US20020161088 *Jan 30, 2002Oct 31, 2002Kochvar Kelly AnnRapidly dissolvable polymer films and articles made therefrom
US20040072708 *Mar 14, 2002Apr 15, 2004Duffield Paul JohnProcess for producting a water soluble package
US20040144681 *May 16, 2002Jul 29, 2004Ralf WiedemannWater-soluble containers with gas release means
US20040189868 *Mar 24, 2003Sep 30, 2004Sony Corporation And Sony Electronics Inc.Position and time sensitive closed captioning
US20050244444 *Jul 7, 2005Nov 3, 2005The Procter & Gamble CompanyRapidly dissolvable polymer films and articles made therefrom
US20050250670 *Jun 15, 2005Nov 10, 2005Caswell Debra SHighly concentrated fabric softener compositions and articles containing such compositions
US20060168739 *Apr 3, 2006Aug 3, 2006Caswell Debra SHighly concentrated fabric softener compositions and articles containing such compositions
US20060172910 *Jan 10, 2006Aug 3, 2006The Procter & Gamble CompanyMachine cleaner
US20060260973 *Jun 21, 2004Nov 23, 2006Plantic Technologies Ltd.Easy open water soluble blister package
US20080234169 *Mar 19, 2008Sep 25, 2008Jean Pol BoutiqueDetergent composition
US20090217462 *Feb 6, 2009Sep 3, 2009Holzhauer FredConsumer product packets with enhanced performance
US20090249562 *Feb 6, 2009Oct 8, 2009Mark Robert SivikFabric color rejuvenation composition
US20100286630 *May 5, 2009Nov 11, 2010Watson Laboratories, Inc.Method For Treating Overactive Bladders And A Device For Storage And Administration Of Topical Oxybutynin Compositions
US20110174650 *Jul 21, 2011Watson Laboratories, Inc.Peelable Pouch for Transdermal Patch and Method for Packaging
US20110174651 *Jul 21, 2011Watson Laboratories, Inc.Peelable Pouch for Transdermal Patch and Method for Packaging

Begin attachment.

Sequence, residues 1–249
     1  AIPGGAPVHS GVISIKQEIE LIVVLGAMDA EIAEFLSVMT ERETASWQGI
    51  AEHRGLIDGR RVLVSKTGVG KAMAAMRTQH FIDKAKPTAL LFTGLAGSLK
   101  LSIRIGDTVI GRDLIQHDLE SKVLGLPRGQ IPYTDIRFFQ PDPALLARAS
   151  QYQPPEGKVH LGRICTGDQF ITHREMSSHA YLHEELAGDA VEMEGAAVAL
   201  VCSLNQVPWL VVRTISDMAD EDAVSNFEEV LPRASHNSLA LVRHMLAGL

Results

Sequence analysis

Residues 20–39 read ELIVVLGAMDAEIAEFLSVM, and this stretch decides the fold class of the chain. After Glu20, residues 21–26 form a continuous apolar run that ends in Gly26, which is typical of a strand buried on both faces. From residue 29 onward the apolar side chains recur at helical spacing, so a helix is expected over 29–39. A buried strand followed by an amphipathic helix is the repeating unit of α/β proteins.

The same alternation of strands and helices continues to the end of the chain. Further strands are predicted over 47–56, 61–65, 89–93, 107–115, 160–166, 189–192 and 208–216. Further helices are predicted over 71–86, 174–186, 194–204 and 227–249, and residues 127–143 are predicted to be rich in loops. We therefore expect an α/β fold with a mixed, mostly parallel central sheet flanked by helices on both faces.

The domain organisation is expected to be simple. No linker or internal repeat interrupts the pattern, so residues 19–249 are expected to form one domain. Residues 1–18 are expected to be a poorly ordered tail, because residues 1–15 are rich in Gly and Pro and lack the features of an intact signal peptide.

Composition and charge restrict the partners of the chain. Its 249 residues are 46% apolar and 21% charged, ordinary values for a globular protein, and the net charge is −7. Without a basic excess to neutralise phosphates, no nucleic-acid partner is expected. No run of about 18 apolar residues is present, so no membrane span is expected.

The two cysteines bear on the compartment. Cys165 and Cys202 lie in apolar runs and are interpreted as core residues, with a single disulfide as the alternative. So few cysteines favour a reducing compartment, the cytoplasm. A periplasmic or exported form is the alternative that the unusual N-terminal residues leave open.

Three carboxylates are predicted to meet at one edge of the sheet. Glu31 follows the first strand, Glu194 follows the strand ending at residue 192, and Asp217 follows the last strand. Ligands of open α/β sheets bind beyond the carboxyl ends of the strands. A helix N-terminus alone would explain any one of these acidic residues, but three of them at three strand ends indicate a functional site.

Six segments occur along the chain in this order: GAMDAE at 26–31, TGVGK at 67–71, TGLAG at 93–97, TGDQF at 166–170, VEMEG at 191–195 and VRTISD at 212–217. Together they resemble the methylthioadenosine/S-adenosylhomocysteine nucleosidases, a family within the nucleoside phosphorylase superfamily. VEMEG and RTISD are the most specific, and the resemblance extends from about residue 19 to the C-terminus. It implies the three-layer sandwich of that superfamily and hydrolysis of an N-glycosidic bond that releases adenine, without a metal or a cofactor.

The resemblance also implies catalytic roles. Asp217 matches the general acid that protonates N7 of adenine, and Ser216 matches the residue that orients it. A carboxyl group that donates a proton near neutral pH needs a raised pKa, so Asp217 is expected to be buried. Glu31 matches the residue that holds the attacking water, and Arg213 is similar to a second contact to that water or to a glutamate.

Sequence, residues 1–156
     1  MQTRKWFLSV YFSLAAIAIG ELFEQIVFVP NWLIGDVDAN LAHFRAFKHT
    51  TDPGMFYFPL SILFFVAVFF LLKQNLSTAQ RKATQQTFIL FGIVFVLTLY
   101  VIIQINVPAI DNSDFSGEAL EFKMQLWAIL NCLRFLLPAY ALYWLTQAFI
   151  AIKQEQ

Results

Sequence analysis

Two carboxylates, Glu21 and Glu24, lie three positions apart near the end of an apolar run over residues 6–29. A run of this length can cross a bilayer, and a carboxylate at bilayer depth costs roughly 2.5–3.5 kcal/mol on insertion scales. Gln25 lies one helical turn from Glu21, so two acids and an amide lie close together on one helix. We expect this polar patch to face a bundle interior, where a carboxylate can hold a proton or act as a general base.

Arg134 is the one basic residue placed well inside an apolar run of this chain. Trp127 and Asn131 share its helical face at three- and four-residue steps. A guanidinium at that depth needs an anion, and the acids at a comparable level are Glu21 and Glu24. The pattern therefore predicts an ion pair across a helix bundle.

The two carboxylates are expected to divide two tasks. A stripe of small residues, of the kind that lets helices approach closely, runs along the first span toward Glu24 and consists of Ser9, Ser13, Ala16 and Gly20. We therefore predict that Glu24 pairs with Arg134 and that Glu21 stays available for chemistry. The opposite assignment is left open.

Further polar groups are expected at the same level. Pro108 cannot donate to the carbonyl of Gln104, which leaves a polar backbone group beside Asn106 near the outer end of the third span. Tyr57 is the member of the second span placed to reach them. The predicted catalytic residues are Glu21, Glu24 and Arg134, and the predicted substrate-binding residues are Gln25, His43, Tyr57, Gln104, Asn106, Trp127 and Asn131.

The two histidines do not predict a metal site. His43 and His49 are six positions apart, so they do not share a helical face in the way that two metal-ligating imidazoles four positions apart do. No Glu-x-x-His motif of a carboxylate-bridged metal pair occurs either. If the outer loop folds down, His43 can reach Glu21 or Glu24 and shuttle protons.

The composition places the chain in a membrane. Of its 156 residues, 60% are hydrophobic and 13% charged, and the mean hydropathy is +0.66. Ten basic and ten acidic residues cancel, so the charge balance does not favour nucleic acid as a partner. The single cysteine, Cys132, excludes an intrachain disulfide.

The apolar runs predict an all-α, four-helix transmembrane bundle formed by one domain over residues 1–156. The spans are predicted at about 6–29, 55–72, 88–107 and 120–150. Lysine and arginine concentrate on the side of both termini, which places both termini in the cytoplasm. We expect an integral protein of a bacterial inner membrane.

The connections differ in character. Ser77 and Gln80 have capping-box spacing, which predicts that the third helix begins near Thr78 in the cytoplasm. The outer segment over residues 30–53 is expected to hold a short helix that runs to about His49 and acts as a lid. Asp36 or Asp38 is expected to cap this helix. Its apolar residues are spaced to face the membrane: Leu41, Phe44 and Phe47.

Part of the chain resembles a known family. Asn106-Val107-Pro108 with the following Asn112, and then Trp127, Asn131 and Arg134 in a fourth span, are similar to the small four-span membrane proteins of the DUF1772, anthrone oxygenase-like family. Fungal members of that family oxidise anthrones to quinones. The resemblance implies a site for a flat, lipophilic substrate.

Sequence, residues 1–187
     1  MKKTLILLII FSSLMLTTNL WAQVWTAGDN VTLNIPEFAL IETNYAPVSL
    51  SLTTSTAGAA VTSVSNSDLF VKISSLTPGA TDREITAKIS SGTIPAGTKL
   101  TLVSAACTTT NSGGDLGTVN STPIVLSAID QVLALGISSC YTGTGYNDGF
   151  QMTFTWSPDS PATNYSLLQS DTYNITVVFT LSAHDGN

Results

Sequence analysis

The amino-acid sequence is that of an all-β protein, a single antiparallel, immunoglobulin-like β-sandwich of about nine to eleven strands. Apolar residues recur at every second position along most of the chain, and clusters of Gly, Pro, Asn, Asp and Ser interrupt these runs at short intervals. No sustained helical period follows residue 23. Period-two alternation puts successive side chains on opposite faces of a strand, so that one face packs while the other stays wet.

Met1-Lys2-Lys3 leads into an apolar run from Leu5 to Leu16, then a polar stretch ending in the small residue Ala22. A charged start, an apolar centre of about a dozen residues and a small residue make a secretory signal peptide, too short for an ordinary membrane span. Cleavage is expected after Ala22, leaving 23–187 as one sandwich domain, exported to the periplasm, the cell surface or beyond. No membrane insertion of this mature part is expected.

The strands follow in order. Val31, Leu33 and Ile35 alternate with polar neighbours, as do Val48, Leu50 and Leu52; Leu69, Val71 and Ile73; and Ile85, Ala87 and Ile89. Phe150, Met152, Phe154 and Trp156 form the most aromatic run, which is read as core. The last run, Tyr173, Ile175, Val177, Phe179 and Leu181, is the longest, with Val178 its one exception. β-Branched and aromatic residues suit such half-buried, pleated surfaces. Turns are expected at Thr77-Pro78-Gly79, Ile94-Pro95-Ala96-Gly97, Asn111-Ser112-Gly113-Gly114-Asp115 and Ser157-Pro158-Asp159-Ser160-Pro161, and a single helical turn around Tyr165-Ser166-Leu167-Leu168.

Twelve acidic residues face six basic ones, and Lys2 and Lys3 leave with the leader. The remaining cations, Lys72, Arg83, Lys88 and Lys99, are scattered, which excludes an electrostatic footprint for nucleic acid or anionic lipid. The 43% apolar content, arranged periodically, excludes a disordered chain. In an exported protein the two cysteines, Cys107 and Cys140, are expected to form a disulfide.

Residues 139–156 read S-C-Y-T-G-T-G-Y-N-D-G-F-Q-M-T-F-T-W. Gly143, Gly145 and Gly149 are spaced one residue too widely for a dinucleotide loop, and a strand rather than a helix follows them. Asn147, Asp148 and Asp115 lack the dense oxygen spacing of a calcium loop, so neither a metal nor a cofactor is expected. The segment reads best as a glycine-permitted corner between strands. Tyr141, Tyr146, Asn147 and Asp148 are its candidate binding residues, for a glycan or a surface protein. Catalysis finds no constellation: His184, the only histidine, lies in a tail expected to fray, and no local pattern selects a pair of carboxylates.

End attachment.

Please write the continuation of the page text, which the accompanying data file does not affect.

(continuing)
US20130256182 *Aug 12, 2011Oct 3, 2013Church & Dwight Co., Inc.Detergent pouch with improved properties
USRE36064 *Apr 23, 1993Jan 26, 1999Alcide CorporationDisinfection method and composition therefor
CN104220342A *Apr 2, 2013Dec 17, 2014蒙诺苏尔有限公司Powdered pouch and method of making same
EP0079248A2Nov 10, 1982May 18, 1983Unilever N.V.Packaging film and packaging of detergent compositions therewith
EP0132726A2 *Jul 13, 1984Feb 13, 1985Henkel Kommanditgesellschaft auf AktienPackage for a washing, rinsing or cleaning product
EP0337568A2 *Apr 10, 1989Oct 18, 1989Colgate-Palmolive CompanyDetersive article
EP0366231A1 *Aug 8, 1989May 2, 1990Zimpro Environmental, Inc.Sealed PVA package with activated carbon and its use in waste water treatment
WO1985004107A1 *Mar 20, 1985Sep 26, 1985Alcide CorporationDisinfection method and composition therefor
WO1992001037A1 *Jun 28, 1991Jan 23, 1992Ecolab Inc.Detersive system containing water soluble film article
WO2001007560A1 *Jul 12, 2000Feb 1, 2001Henkel Kommanditgesellschaft Auf AktienWashing or cleansing product portion and packaging for same
WO2001040432A1 *Nov 22, 2000Jun 7, 2001Henkel Kommanditgesellschaft Auf AktienPackaged portions of detergent
WO2013158364A1 *Apr 2, 2013Oct 24, 2013Monosol, LlcPowdered pouch and method of making same
Classifications
U.S. Classification428/335, 206/484.2, 220/DIG.300, 252/187.28, 252/187.25, 428/532, 206/.5, 252/187.34, 510/296, 428/485, 206/524.7
International ClassificationC11D17/04, C11D3/395, B65D75/26, B65D65/46
Cooperative ClassificationC11D17/042, C11D3/395, C11D17/044, C11D3/3953, Y10S220/30, B65D75/26, C11D3/3955
European ClassificationC11D17/04B2S, C11D3/395F, B65D75/26, C11D17/04B2, C11D3/395D, C11D3/395